Alternatively, a number of states follow the "most significant relationship" approach, which requires the court to apply the law of the state that has "the most significant contacts with the matter in dispute." See, e.g., Maryland Cas. Co. v. Continental Cas. Co., 332 F.3d 145, 151 (2d Cir. 2003) (New York). In making this determination, the court takes into account the place of contracting, the place of negotiating, the place of performance, the location of the subject matter of the contract and the domicile, place of incorporation and/or place of business of the parties. See id. at 151-52; W.R. Grace & Co. v. Cont'l Cas. Co., 896 F.2d 865, 873 (5th Cir. 1990) (Texas); see also Restatement (Second) of Conflicts of Law, §§ 6, 188 and 193. Some states also require a "government interest" analysis, by which the court must consider these contacts in the context of which state has the greatest interest in the proper resolution of the dispute. See, e.g., Costco Wholesale Corp. v. Liberty Mut. Ins. Co., 472 F. Supp. 2d 1183, 1198 (S.D. Cal. 2007); NL Indus., Inc. v. Comm. Union Ins. Co., 926 F. Supp. 446, 459-60 (D.N.J. 1996).
The application of these rules, and the determination of which state's law governs, is critical in cases involving a number of recurring issues with respect to which the law between states is distinctly opposite. For example, under California law, an insurer cannot provide coverage for punitive damages, but under the law of nearby Washington, it can be held liable for such amounts. See PPG Indus., Inc. v. Transamerica Ins. Co., 975 P.2d 652, 657 (Cal. 1999) (citing Cal. Ins. Code § 533); Fluke Corp. v. Hartford Acc. & Indem. Co., 7 P.3d 825, 831 (Wash. Ct. App. 2000). In Fluke, the coverage action had been brought in Washington, and, applying that jurisdiction's most significant relationship test, the state court determined that the substantive law of Washington, and not California, governed the insured's claim for coverage for $4 million in punitive damages. See id. at 832-33. Had the action been filed first in California, applying that state's government interest test, the court likely would have determined that California's expressed public policy against the insurability of punitive damages warranted the application of California law, which would have resulted in a finding for the insurer.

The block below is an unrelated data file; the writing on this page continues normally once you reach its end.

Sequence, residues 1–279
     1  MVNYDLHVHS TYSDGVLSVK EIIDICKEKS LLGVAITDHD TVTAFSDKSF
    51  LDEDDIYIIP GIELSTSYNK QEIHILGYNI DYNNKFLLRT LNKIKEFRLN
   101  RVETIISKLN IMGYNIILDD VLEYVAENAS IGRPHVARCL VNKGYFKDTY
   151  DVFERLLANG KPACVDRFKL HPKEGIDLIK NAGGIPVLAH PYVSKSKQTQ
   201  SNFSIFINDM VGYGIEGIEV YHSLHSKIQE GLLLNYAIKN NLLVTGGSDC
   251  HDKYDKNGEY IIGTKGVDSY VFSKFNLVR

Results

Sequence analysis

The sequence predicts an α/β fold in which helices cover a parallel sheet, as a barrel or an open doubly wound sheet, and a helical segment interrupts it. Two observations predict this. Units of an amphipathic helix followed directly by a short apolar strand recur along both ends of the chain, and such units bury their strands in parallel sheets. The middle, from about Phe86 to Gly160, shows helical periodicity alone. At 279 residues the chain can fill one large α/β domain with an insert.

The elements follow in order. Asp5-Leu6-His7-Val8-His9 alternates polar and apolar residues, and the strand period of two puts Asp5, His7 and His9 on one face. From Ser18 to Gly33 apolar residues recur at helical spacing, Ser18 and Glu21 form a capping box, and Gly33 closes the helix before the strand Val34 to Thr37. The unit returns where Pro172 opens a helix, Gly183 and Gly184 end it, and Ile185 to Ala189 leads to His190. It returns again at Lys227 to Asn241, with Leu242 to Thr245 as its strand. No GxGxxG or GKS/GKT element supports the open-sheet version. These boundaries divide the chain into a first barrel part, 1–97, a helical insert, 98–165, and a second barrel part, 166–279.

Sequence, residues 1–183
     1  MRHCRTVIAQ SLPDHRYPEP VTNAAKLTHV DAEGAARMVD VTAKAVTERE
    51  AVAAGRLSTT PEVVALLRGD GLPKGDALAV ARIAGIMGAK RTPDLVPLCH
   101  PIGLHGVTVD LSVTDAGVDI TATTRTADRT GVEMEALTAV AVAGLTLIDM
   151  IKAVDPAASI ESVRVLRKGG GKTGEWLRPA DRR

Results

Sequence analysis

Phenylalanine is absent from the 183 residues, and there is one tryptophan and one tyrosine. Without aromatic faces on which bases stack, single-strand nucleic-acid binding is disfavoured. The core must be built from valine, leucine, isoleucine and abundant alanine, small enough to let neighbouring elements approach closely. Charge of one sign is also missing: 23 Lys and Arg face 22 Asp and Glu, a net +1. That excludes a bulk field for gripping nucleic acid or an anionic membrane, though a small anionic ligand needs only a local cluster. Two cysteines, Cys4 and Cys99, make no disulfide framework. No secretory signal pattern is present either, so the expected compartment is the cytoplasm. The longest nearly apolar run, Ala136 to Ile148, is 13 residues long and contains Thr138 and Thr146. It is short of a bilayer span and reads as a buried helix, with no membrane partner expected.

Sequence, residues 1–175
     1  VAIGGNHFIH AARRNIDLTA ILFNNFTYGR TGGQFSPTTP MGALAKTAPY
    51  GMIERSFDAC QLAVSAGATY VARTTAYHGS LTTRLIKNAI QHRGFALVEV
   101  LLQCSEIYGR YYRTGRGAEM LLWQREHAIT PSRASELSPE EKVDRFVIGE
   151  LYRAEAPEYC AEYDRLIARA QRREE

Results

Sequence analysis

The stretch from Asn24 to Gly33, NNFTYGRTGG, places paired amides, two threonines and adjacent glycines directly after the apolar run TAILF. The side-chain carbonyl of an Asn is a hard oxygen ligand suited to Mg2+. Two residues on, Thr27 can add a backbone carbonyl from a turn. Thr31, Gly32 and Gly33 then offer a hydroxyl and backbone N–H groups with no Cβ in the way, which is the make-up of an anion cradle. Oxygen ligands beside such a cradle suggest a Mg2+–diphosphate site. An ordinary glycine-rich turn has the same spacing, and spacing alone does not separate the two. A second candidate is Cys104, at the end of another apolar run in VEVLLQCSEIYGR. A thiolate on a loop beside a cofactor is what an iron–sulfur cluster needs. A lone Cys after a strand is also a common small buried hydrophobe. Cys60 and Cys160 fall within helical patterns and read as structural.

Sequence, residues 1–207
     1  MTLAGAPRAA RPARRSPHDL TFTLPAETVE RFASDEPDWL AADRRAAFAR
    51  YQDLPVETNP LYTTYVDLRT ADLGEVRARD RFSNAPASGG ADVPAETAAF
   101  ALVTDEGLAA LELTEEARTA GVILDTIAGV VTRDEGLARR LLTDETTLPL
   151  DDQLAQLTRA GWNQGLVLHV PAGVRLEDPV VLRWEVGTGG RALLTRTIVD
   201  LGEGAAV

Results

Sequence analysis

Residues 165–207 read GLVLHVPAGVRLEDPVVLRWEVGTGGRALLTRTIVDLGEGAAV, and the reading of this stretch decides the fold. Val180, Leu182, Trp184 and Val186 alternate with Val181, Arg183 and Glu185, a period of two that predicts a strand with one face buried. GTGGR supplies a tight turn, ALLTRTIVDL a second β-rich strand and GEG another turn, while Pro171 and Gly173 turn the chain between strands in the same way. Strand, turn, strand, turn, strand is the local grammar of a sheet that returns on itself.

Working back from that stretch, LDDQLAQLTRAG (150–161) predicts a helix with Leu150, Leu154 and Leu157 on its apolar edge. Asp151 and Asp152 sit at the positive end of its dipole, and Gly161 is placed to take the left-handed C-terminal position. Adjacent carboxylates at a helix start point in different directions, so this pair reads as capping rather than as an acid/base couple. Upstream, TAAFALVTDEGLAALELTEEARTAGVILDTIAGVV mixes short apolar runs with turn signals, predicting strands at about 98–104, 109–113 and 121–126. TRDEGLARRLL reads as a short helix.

Another situation in which an insurer's liability may turn on choice of law principles involves the question of late notice and whether a showing of prejudice is required to support such a defense to coverage. Under New York law, for example, an insured's failure to provide timely notice of a claim is an absolute bar to coverage, regardless of whether the insurer has been prejudiced by the delay. See Rekemeyer v. State Farm Mut. Auto. Ins. Co., 828 N.E.2d 970, 974 (N.Y. 2005). In contrast, under the law of neighboring Vermont, an insurer cannot deny coverage based on late notice unless it makes a showing of prejudice. See Hardwick Recycling & Salvage, Inc. v. Acadia Ins. Co., 869 A.2d 82, 96 (Vt. 2004). Because the existence of prejudice may be a question for the trier of fact, securing a forum that will apply New York law over Vermont law may mean for the insurer the difference between obtaining an early summary judgment and proceeding with protracted and expensive litigation.
The lesson here is that before bringing a coverage action, an insurer may wish to evaluate which forum's law most favors its position and then determine which of the forums available to it most likely will apply that law to the dispute. Once that determination is made, and the matter is ripe for adjudication, the insurer may consider promptly filing suit in the appropriate jurisdiction.